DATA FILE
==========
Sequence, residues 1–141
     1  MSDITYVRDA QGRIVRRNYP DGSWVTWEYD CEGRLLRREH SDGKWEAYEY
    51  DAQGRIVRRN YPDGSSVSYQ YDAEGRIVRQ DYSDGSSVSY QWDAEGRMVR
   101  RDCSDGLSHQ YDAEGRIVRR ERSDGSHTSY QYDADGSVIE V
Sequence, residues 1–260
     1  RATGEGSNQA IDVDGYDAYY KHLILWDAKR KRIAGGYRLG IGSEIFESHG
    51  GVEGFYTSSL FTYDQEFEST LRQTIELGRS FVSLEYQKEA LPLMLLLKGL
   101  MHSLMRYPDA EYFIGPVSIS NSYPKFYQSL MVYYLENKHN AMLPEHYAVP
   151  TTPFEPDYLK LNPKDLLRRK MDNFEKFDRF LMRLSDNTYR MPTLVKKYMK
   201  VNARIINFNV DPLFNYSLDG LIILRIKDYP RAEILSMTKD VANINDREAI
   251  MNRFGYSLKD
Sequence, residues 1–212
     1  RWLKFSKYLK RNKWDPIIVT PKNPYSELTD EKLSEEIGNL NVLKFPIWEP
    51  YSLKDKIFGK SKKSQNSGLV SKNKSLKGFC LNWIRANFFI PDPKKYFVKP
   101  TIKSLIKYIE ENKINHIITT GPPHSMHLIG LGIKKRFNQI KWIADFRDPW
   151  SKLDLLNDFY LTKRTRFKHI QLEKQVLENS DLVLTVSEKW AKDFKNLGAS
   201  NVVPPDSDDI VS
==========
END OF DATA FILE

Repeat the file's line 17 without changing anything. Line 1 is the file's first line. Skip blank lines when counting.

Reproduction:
   201  NVVPPDSDDI VS